# Definition of $E_n$-modules for an $E_n$-algebra

The category $$Mod^{E_n}_A(\mathcal{C})$$ of $$E_n$$-modules for an $$E_n$$-algebra in a symmetric monoidal $$\infty$$-category $$\mathcal{C}$$ is defined in Lurie's Higher Algebra as a special case of a more general definition (just replace the little $$n$$-cubes operad with your favorite $$\infty$$-operad). The definition is rather obscure, however, and requires a lot of terminology I'm not entirely comfortable with. I was wondering if there is a more intuitive way to define/think about this category. For example, what's the best way to think of $$E_n$$-modules for an $$E_n$$-algebra in the category of spaces?

There is also a proof in Lurie that $$Mod^{E_1}_A(\mathcal{C})$$ for an $$E_1$$-algebra $$A$$ is equivalent to the category of bimodules for $$A$$ in $$\mathcal{C}$$, but again the proof is quite long and difficult. Is there an intuitive way to think about this result? I'd also be happy if there was a short proof for $$A$$ an ordinary associative algebra.

• @user127776 E_n-modules are not the same as algebras under A. Rather, E_n-algebras in E_n-modules over A are equivalent to E_n algebras with an E_n-map from A. – Dylan Wilson Jul 19 '19 at 17:12
• I see, you are right. I automatically assumed we are dealing with $E_n$ algebras in the category defined above. – user127776 Jul 19 '19 at 17:32

## 3 Answers

$$E_n$$ algebras have compatible multiplications for every way of placing a bunch of elements into a collection of balls in $$\mathbb{R}^n$$. A module for an $$E_n$$ algebra has an action for every way of placing a bunch of elements of the algebra into balls not at the origin, and an element of the module into a ball at the origin.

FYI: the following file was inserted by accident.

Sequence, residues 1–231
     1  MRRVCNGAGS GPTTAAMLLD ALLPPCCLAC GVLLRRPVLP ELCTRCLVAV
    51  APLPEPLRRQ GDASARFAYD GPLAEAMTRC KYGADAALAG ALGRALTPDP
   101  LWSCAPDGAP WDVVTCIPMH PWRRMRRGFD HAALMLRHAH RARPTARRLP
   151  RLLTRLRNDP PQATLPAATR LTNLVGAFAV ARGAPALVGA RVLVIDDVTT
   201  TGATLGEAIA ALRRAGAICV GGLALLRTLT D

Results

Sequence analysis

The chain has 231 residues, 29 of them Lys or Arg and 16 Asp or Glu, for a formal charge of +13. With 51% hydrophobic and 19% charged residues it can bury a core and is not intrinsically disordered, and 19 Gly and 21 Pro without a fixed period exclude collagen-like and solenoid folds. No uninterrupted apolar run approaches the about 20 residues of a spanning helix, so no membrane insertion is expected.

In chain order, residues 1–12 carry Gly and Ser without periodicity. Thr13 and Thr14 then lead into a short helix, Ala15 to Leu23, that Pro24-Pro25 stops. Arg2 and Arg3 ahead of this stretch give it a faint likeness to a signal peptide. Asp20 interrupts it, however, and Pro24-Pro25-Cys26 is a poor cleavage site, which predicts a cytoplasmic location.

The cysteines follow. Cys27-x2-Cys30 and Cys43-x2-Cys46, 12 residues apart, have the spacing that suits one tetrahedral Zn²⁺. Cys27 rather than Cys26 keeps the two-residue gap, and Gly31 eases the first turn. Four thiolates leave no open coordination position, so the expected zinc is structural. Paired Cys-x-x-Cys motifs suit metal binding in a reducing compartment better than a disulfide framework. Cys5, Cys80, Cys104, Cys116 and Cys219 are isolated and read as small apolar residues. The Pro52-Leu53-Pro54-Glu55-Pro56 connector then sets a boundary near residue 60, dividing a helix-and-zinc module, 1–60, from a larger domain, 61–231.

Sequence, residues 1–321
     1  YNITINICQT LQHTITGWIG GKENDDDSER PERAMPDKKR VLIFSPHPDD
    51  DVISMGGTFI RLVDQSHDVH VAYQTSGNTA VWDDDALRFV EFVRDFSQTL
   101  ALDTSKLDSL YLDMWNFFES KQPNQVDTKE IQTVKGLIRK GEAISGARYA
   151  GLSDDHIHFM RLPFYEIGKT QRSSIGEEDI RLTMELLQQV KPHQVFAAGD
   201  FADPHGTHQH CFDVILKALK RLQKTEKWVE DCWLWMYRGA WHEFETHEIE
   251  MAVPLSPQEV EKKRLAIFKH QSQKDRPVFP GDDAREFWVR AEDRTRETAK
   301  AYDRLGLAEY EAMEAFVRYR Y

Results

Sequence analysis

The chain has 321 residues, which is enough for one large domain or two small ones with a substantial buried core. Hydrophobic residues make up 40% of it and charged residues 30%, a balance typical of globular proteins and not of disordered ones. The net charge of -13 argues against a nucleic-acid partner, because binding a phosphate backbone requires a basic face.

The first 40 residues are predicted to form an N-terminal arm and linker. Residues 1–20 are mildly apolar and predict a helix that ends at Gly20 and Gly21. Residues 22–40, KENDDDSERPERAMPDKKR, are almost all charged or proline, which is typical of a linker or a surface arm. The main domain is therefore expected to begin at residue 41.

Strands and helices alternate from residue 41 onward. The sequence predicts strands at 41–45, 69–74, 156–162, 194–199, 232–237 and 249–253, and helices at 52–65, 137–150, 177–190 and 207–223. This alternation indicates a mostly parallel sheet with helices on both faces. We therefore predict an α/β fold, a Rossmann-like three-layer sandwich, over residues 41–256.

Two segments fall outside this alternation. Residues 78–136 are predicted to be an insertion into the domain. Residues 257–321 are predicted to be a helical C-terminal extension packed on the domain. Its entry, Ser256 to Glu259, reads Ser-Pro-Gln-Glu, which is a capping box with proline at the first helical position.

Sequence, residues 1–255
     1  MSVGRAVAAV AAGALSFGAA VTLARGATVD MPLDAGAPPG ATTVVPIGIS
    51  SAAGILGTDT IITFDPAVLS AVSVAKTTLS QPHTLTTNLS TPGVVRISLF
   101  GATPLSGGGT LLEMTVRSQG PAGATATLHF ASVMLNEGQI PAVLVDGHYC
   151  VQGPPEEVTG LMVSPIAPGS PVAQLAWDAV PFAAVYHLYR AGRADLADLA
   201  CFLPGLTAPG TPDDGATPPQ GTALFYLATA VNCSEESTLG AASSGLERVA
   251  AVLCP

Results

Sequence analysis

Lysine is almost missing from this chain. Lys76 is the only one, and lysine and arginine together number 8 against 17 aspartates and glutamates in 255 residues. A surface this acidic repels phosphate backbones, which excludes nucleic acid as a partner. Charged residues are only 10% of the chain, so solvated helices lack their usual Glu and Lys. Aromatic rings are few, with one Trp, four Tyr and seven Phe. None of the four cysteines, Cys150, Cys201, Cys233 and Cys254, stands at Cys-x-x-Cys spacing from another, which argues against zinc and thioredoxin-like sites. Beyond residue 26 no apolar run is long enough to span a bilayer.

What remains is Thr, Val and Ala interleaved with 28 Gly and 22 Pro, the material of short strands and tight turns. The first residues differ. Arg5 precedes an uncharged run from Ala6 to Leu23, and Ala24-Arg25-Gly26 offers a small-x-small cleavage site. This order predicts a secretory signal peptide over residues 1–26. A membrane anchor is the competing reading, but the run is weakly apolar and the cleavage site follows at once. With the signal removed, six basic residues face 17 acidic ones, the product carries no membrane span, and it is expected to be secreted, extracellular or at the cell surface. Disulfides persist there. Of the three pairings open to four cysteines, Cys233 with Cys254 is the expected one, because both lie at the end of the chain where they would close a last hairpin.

Here's what this looks like in a few examples to help you gain some intuition.

• $$E_1$$ algebras in vector spaces are ordinary (non-commutative) algebras. An $$E_1$$-module for $$A$$ is just an $$A$$-$$A$$ bimodule. I.e. there's actions for every way of placing another ball not at the origin (so either to the left or right) and you get an associativity axiom for every way of placing two balls not at the origin (both left is the left module axiom, both right is the right module axiom, and one on each side is the bimodule axiom).
• $$E_2$$ algebras in vector spaces are commutative algebras (because you can continuously deform two discs in the plane into the opposite order, so $$xy = yx$$). An $$E_2$$-module for $$A$$ is just an $$A$$-module (which is also automatically a right $$A$$-module by using commutativity to turn the left action into a right action).
• $$E_1$$ algebras in categories are monoidal categories. $$E_1$$-modules for monoidal categories are bimodule categories in the sense of Chapter 7 of tensor categories. I.e. you have bifunctors $$\vartriangleright: A \times M \rightarrow M$$ and $$\vartriangleleft: M \times A \rightarrow M$$ together with natural associators for each triple product (e.g. $$\alpha_{a,b,m}: a \vartriangleright (b \vartriangleright m) \rightarrow (a \otimes b) \vartriangleright m)$$ satsifying some hexagon axioms for quadruple products.